Linocut Exhibition at the Horsebridge

by Christopher James Stone

Cutting away the surface to let light into the world

The highlight of last year’s carnival fund-raisers was the auction, organised by Julie Wassmer and myself, and held in St Peter’s Hall on Cromwell Road.

A number of prints were sold, including two linocuts, one by Ben Dickson, the other by Ben Sands. The Ben Sands was kindly donated by his son, Mat, and fetched the princely sum of £150.

My sister bought it. I’m looking at it now. It’s a black and white scene of Morris Dancers outside the East Kent on May Day 1987.

The dancers are leaping into the air, their feet off the floor, while the crowd looks on, clutching pints, or laughing and joking amongst themselves.

The image is taken from the far side of the road, outside the British Legion. There are two cars in the foreground and a couple of people trying the cross the road.

It’s a wonderfully evocative piece of work, vibrant and alive, full of incidents and wonder, all captured in exquisite detail.

You can read the faces of the characters in the crowd, and even the sky seems alive, as if the sky itself was part of the dance.

Ben Sands died in January 2016, but this year marks his centenary, in honour of which there will be a major exhibition around his birthday in July, which Mat and I will be helping to organise.

Meanwhile there will be a number of Ben Sands’ linocuts on display in a large group show on at the Horsebridge from the 11th of January till the 2nd of February.

Curated by Ben Dickson, it will feature works by linocut artists from around the country, including a number from Whitstable. There will be an opening event at 3.30 on the 11th where people can meet the artists and discuss their work.

The reason they are called linocuts is that they are cut into linoleum, but the technique works with other media as well, including wood and vinyl.

Properly speaking it is known as relief printing. The body of the medium is cut away to leave raised areas which are then inked up and pressed against paper to leave a printed impression.

There’s a wonderful quote from Ben Sands from an interview in 2003 which describes the process:

“Automatically, with practice, your mind sees that block as a field of solid black… when you start cutting you start letting the light into the block and revealing the world you are going to present to the public. Because you are letting light in all the time, every cut you make lets another streak of light in….”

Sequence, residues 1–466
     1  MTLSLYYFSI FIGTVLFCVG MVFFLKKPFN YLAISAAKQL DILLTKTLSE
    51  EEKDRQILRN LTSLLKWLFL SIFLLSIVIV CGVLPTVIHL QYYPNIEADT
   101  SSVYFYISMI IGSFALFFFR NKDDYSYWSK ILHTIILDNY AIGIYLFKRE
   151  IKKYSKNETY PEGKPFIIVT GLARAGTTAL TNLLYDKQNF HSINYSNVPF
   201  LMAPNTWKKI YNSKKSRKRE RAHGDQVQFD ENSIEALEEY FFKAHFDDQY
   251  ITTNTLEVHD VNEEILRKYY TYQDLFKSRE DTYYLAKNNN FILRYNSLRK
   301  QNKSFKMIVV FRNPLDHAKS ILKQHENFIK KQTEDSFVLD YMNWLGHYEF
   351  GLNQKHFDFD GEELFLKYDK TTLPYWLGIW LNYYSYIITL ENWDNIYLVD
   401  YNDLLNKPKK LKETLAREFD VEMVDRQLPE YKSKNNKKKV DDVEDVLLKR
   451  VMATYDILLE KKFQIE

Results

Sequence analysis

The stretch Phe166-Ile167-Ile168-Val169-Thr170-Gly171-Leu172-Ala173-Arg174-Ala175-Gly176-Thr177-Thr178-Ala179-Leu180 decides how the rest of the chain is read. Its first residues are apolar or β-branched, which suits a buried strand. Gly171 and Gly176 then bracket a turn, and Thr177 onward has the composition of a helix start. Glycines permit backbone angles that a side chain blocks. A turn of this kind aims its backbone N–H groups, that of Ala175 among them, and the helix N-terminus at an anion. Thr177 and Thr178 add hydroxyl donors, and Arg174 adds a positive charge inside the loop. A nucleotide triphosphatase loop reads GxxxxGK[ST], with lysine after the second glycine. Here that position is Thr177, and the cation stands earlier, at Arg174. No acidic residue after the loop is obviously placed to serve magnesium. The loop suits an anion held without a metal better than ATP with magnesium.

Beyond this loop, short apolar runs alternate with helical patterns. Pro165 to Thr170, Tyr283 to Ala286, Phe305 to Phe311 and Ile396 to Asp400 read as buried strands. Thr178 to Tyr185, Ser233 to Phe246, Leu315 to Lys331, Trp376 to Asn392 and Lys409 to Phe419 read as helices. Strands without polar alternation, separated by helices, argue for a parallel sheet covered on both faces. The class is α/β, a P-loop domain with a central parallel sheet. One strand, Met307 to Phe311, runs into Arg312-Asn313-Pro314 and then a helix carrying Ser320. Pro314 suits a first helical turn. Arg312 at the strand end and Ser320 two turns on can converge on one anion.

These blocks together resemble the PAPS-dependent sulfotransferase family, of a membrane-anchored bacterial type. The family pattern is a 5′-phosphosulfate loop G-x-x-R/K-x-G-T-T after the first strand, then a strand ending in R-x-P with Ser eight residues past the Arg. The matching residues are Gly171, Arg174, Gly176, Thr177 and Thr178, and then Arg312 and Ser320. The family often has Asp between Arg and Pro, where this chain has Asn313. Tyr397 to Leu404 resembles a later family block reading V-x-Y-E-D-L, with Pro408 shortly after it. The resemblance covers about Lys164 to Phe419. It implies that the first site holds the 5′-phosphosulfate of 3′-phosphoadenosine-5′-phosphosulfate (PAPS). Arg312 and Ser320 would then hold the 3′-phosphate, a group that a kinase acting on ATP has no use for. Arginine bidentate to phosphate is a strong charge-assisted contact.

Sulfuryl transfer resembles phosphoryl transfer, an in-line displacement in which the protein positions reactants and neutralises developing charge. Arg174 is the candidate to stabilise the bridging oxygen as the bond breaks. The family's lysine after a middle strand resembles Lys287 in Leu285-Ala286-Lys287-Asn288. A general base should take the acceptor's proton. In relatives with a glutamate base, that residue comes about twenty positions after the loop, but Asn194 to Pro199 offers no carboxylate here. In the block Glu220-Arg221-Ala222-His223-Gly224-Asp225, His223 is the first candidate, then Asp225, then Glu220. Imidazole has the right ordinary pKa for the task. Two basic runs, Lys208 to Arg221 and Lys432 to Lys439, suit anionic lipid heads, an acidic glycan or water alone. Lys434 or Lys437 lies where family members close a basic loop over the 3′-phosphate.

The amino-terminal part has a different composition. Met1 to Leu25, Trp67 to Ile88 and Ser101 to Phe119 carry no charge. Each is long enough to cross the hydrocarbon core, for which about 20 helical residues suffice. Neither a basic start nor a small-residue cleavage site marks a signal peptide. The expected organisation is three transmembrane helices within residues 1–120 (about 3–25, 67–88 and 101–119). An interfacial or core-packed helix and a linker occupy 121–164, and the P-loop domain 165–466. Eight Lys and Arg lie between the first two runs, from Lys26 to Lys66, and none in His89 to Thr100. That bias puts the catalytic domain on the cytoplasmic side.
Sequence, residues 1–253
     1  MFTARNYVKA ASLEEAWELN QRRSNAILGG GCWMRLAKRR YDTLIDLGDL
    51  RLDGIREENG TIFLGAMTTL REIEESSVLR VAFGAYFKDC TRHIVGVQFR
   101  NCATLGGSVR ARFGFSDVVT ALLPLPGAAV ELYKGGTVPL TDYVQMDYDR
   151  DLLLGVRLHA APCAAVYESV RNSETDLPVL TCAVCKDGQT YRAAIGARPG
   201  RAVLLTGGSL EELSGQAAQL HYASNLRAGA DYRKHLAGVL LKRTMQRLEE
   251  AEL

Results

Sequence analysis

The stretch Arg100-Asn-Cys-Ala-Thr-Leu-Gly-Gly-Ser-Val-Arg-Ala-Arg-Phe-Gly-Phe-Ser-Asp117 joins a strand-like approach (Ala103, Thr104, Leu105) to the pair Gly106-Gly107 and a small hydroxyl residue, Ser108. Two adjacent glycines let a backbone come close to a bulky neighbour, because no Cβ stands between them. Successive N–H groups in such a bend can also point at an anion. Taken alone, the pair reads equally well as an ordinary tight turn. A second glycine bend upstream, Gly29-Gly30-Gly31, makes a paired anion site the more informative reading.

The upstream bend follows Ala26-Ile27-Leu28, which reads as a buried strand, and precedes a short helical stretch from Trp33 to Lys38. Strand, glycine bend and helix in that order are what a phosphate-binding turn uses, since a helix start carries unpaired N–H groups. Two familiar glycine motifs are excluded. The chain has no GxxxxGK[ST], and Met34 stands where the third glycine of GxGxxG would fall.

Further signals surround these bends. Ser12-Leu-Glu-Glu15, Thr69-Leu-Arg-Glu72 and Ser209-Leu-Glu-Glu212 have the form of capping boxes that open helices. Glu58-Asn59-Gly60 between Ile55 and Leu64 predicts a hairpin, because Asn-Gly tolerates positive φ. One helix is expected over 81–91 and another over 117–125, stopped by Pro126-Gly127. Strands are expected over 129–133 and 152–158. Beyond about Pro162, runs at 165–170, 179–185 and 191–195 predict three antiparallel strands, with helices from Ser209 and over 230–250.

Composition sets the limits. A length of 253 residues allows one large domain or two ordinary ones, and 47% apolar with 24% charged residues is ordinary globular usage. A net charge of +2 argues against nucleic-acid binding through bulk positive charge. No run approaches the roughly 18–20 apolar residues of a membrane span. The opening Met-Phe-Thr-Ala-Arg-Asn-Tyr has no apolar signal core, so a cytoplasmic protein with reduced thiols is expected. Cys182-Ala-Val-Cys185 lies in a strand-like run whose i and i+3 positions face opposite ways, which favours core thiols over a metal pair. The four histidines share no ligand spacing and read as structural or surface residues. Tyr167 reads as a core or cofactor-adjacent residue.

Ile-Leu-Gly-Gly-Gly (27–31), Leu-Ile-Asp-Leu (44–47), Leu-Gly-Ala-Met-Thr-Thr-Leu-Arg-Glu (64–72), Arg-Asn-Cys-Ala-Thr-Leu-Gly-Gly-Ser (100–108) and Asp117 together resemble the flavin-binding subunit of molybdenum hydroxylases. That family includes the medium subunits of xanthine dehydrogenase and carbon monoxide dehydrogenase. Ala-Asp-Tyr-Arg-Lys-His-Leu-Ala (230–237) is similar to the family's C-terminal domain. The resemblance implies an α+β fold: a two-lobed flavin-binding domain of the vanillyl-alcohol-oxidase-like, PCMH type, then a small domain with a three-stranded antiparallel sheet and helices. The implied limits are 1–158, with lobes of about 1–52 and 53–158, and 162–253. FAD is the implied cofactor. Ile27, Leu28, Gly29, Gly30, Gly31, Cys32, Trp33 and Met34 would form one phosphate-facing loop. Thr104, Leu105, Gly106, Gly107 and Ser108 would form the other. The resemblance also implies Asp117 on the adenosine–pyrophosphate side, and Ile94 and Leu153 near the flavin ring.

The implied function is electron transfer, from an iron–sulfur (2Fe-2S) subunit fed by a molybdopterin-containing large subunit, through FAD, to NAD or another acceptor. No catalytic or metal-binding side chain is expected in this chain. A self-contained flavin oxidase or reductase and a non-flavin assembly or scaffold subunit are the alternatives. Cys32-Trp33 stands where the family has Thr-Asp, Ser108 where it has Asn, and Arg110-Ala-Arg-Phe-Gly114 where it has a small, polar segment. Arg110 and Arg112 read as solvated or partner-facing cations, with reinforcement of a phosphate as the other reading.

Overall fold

I like that thought. Isn’t that what all art is in the end: a process of cutting away the surface to let the light into the world?

It reminds me of the song by Leonard Cohen:

“Ring the bells that still can ring/ Forget your perfect offering/ There is a crack, a crack in everything/ That’s how the light gets in….”

I’m looking forward to seeing lots of light at this exhibition.


From The Whitstable Gazette 09/01/20

The editor welcomes letters on any topical subject, but reserves the right to edit them. Letters must include your name and address even when emailed and a daytime telephone number.

Send letters to: The Editor, Room B119 Canterbury College, New Dover Road, Canterbury CT1 3AJ

Phone: 01227 475985

fax: 01227 762415


Whitstable Views: How You Can Help

  • Make sure you share and like our articles on Facebook and Twitter, and whatever other social-media platforms you use.
  • Follow the site to get regular updates about new articles when they appear. Press the “Follow” icon in the bottom right hand corner of your screen and that will take you to the option to sign up. (It disappears as you move the text down, then reappears as you move it back up again!)
  • Leave comments on the site rather than on Facebook. Let’s get a debate going. All of our contributors are willing to engage with you if you leave a comment.
  • To all writers out there, we would LOVE you to make a contribution. Read our submissions page for details on how to go about that:
  • Finally you can donate. As little as £1 would help. Details on the donations page here:


  1. Matt Sands

    Ben Sands had a very Jaded view on “modern art” but I dont think he would have been unhappy to have work displayed alongside any in this show.. Didnt appreciate it at the time but yesterday, the 9th January, when the pictures for the exhibition were hanged was the 4th aniversary of Ben Sands’ death. Its a remarkable variety of pictures. Thanks for this, Chris.


    1. christopherjamesstone

      Wow! That’s what you call a synchronicity Mat. What perfect timing. I agree, I think he would be more than happy to be a part of this singular collection of work, most of which I think he would have approved of. They are all part of the continuity of this particular technique, of which your father was a master. I feel privileged to be able to help get Ben’s work more widely appreciated. We are learning from Ben Dickson, who has already said he will help when it comes to setting up the centenary exhibition in July.


Leave a Reply

Fill in your details below or click an icon to log in: Logo

You are commenting using your account. Log Out /  Change )

Facebook photo

You are commenting using your Facebook account. Log Out /  Change )

Connecting to %s